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Briefing
May 10, 2016

A Model External Speaker Policy: Assessing the Risks Posed by External Speakers On-campus

by
Henry Jackson Society

LONDON – 10 MAY 2016

The government has repeatedly highlighted the threat posed by extremists seeking to use the UK’s university campuses to spread their views, and has rightly made ensuring these speakers face robust challenge a priority.

As a result, The Higher Education Funding Council England (HEFCE) now requires universities in England to have procedures in place for managing the risks around external speakers and events on campus, as well as institution-branded events taking place off campus.

With this in mind, Student Rights is releasing a new briefing, ‘A Model External Speaker Policy: Assessing the Risks Posed by External Speakers On-campus’, which provides institutions with advice while highlighting some of the alarming challenges such policies face.

The policy seeks to provide a structure which gives a high level of oversight from staff and student union officials to mitigate the risk associated with external speakers while allowing as many events as possible to go ahead.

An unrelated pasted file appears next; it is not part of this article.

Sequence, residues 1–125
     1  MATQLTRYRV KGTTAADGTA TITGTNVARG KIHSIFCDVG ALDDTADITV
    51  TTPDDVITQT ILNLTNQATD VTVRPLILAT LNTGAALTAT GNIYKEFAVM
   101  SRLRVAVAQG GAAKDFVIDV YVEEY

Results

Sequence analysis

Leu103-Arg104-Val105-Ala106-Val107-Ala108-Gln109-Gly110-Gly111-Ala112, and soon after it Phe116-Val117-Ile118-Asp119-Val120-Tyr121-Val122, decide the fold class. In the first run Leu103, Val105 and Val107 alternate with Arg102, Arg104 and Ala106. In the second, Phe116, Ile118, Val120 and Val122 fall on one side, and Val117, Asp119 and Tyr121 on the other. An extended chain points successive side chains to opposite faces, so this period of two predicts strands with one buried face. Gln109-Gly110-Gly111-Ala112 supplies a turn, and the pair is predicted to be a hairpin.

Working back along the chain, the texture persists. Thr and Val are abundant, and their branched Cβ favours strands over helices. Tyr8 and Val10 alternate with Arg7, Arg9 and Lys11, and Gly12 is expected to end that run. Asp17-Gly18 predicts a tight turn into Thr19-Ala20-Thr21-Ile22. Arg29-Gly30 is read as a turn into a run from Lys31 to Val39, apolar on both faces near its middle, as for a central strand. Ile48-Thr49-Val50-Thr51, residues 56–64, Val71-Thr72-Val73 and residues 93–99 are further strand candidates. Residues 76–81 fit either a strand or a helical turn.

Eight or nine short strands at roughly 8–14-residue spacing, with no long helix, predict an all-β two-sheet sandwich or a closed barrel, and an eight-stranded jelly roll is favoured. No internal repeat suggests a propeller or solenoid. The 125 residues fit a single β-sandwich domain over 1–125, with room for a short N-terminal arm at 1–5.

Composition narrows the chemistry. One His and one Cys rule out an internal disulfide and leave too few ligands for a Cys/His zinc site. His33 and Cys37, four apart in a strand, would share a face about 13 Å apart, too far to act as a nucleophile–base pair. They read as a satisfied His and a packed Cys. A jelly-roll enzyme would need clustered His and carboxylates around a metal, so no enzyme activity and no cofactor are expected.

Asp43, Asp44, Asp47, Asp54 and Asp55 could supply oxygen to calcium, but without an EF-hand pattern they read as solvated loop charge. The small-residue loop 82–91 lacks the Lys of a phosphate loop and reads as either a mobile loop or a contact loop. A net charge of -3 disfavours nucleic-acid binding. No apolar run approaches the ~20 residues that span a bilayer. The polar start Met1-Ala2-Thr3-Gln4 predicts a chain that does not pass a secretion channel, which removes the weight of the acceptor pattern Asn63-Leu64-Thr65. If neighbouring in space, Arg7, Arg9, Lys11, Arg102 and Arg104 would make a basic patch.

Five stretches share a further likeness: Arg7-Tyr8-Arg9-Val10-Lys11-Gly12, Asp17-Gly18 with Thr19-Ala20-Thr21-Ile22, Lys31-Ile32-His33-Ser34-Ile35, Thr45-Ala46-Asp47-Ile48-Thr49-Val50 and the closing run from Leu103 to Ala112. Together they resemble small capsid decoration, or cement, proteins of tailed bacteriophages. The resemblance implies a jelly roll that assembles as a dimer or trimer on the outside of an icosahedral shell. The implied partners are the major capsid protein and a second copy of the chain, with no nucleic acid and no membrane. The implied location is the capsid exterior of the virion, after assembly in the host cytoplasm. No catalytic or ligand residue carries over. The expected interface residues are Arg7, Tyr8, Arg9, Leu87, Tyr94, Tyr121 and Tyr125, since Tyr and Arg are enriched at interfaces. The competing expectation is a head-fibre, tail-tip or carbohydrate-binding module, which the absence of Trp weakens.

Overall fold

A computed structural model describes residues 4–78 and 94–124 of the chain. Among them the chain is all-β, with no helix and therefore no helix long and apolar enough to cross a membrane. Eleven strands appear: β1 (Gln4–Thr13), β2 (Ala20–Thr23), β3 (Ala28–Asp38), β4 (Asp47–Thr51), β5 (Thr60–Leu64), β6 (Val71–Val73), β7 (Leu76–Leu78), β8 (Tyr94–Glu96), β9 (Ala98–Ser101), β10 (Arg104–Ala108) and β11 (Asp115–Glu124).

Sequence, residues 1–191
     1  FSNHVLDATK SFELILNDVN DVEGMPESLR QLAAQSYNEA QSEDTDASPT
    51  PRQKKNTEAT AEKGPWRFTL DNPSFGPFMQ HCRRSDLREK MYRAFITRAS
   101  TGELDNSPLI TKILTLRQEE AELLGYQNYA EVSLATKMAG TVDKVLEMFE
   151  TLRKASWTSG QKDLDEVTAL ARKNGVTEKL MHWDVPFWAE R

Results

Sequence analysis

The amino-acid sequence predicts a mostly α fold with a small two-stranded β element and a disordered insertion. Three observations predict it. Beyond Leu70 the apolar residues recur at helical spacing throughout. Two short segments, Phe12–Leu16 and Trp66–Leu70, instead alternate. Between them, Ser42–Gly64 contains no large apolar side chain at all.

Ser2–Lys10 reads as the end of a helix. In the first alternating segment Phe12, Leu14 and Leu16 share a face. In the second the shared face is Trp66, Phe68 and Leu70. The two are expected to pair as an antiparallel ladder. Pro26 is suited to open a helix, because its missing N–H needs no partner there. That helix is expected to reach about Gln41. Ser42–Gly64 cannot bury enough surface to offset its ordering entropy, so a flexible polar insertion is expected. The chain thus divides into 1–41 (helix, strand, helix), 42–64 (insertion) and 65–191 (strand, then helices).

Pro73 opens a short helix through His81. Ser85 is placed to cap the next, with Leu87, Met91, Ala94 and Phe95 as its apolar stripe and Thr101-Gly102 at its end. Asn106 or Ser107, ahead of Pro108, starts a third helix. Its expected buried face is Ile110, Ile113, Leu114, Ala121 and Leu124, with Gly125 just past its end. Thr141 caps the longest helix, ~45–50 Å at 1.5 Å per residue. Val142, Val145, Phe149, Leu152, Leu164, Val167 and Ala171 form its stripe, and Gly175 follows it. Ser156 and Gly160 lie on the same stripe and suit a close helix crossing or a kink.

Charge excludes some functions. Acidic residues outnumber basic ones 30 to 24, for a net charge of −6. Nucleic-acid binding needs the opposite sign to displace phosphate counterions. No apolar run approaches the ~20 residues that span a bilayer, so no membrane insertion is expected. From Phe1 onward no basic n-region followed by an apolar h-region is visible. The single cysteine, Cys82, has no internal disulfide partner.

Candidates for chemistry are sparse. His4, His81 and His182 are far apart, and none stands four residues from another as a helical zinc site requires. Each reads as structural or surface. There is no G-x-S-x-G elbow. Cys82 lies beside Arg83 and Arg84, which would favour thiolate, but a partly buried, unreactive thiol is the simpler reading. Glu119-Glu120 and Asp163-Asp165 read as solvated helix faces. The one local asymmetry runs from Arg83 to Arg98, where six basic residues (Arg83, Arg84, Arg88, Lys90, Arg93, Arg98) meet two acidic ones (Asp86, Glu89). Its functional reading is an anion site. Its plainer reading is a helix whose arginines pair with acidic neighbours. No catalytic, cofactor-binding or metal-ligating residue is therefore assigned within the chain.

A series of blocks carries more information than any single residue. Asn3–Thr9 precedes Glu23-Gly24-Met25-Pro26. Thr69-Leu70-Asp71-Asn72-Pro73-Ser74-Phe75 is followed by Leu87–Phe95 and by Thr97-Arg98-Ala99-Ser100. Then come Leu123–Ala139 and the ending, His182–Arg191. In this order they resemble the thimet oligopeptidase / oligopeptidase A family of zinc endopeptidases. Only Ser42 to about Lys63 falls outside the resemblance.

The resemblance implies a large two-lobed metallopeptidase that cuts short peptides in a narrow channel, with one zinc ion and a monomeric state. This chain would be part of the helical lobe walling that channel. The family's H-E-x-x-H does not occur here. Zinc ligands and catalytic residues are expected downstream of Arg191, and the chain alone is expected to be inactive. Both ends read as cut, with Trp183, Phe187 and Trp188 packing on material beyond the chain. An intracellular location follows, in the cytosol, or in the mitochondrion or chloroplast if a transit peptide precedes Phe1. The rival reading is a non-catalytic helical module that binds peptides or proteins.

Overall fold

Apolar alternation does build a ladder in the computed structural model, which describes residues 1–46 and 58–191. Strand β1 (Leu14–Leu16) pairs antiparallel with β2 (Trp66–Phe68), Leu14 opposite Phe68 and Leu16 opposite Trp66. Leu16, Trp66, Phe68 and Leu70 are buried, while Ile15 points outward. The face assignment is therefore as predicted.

This includes:

·         A clear outline of all relevant legislation and regulation affecting the invitation of speakers onto campuses;

·         Consistent risk assessment procedures allowing universities to evaluate an invited speaker’s views and organisational affiliations;

·         Graded recommendations on how to mitigate the risk posed by a range of extreme speakers, including ensuring impartial moderators, balanced platforms and recorded events;

The briefing also highlights a number of challenges faced by universities, with the most serious being an apparent attempt to conceal the controversial nature of speakers by students at Queen Mary University, and clear equivocation of whether Hamas is a terrorist organisation from student union staff at the university.

Student Rights’ Director, Rupert Sutton, said:

 Ensuring that the risks posed by an external speaker are successfully mitigated while maintaining freedom of expression for visiting speakers presents universities with a unique challenge, and this policy seeks to provide a framework for institutions to address these concerns.

This advice aims to enable universities to demonstrate to improve the number of genuine debates taking place on campus, and to ensure that compliance with the Prevent duty does not have a detrimental effect on freedom of expression.

We were alarmed to see students hiding the nature of invited speakers and those assessing risk equivocating on the nature of a proscribed terrorist organisation, and hope universities will take our advice on dealing with these issues into account when implementing their own speaker polices.